S v Goliath (3) (CC 18 of 2017) [2018] NAHCMD 393 (30 November 2018)






Case no: CC 18/2017

In the matter between:




Neutral citation: S v Goliath (CC 18/2017) [2018] NAHCMD 393 (30 November 2018)


Heard: 15 – 19 October; 28 November 2018

Delivered: 30 November 2018

Flynote: Criminal Procedure – Accused indicted on charges of murder, rape and robbery with aggravating circumstances – Evaluation of evidence –Circumstantial evidence – No duty on an accused to convince the court of the truth of his propositions – The onus to prove that these propositions are false beyond reasonable doubt is on the prosecution – In assessment of the facts the Court will have regard to the evidence as a whole.

Criminal Procedure – Accused indicted on charges of murder, rape and robbery with aggravating circumstances – Accused’s version may be tested against inherent probabilities but cannot be rejected simply because it is improbable – Untruthful evidence of the accused does not per se prove his guilt – But a factor to be taken into account when deciding his guilt in light of all the evidence adduced.

Criminal procedure – Defence of non-pathological criminal incapacity – Accused claimed to have suffered a blackout when strangling the deceased – No medical evidence adduced in support of accused’s assertion.

Summary: The accused was indicted on charges of murder; rape, in contravention of s 2(1)(a) of the Combating of Rape Act1; and robbery with aggravating circumstances. He pleaded guilty to the charge of murder but not guilty to the charges of rape and robbery with aggravating circumstances. Accused raised the defence of non-pathological criminal incapacity stating that he did not know what happened when murdering the deceased. The State rejected his plea of guilty and thus had the burden to prove the allegations set out in the charges. There was no eyewitness who observed the actual commission of the offences, thus the court was faced with circumstantial evidence. The defence did not adduce any medical evidence in support of the accused’s assertion of having suffered a blackout.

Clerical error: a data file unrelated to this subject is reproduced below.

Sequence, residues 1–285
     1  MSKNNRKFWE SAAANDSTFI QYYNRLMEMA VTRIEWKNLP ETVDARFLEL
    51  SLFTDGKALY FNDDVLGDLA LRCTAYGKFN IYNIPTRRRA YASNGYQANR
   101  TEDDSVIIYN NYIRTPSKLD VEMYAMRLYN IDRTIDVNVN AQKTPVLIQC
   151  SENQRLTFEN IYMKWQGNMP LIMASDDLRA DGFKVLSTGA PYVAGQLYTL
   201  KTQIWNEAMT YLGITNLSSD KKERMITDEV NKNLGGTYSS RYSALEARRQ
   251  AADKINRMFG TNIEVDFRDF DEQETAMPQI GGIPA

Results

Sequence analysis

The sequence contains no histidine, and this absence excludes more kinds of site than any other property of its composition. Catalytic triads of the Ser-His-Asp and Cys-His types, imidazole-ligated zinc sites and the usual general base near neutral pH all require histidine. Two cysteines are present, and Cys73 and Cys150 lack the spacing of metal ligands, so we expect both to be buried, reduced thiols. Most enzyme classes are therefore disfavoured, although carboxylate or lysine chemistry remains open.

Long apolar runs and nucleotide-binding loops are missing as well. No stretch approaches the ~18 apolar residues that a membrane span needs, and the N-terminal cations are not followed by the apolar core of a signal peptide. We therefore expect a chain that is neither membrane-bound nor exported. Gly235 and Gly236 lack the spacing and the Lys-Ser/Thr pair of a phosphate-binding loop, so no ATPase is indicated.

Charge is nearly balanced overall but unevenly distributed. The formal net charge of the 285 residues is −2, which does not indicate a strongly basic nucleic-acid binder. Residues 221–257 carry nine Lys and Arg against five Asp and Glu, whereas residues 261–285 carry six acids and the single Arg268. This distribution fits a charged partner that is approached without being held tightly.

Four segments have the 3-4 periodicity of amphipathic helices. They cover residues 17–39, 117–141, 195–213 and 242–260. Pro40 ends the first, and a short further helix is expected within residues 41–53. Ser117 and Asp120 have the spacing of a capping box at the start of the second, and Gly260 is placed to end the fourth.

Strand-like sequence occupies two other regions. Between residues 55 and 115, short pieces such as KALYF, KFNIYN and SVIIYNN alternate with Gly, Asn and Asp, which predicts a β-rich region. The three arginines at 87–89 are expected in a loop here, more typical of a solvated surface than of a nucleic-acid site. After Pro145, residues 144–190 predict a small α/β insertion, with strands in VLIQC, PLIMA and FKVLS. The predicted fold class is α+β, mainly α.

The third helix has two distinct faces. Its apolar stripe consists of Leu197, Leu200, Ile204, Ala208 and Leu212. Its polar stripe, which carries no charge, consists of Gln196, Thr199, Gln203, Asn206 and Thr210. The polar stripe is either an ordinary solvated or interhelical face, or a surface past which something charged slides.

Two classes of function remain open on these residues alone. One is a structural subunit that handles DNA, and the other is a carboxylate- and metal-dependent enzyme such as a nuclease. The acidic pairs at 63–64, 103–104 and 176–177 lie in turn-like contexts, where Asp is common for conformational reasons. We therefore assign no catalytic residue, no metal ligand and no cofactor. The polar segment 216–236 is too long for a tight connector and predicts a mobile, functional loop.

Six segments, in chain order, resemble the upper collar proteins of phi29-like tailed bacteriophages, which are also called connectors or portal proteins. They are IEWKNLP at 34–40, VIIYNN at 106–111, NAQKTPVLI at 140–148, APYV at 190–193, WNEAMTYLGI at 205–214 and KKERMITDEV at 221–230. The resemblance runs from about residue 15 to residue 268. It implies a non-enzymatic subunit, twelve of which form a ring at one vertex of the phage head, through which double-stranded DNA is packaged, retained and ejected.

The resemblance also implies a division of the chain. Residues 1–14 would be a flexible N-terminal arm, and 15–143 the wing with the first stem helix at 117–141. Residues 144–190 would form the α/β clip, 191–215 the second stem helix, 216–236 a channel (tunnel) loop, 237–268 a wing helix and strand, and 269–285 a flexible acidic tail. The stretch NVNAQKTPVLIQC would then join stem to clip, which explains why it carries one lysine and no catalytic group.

Held, that, it is a well-established rule of practice that the State carries the burden of proving the allegations made in each count beyond a reasonable doubt, whilst there is no duty on an accused to convince the court of the truth of the propositions advanced by him.

Held, further that, the court need not believe the accused’s version in all its detail, but if it is reasonably possibly true in substance, then that becomes the basis the court must decide the matter on. The accused’s version may be tested against inherent probabilities but cannot be rejected simply because it is improbable; unless it is so improbable that it cannot reasonably be true.

Held, further that, in its assessment of the facts the Court will have regard to the evidence as a whole, inclusive of the merits and demerits of the State case and that of the defence, as well as the probabilities of the case; and only when satisfied that the accused’s version is not only improbable, but false beyond reasonable doubt, it may convict.

Held, further that, in the absences of medical evidence in support the accused assertion of having suffered a blackout, the accused evidence on this aspect is a mere factor to be considered in light of the rest of the evidence.

Held, further that, in light of all the evidence adduced the court is satisfied that the accused’s explanation is not only improbable, but false beyond reasonable doubt and accordingly rejected.


Count 1: Murder – Guilty (direct intent).

Count 2: Rape, in contravention of s 2(1)(a) of the Combating of Rape Act, 2008 – Guilty.

Count 3: Robbery with aggravating circumstances – Not guilty.